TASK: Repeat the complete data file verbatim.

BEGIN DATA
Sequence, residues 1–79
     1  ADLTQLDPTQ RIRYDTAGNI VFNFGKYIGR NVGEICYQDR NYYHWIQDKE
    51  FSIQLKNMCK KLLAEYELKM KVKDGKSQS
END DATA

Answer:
Sequence, residues 1–79
     1  ADLTQLDPTQ RIRYDTAGNI VFNFGKYIGR NVGEICYQDR NYYHWIQDKE
    51  FSIQLKNMCK KLLAEYELKM KVKDGKSQS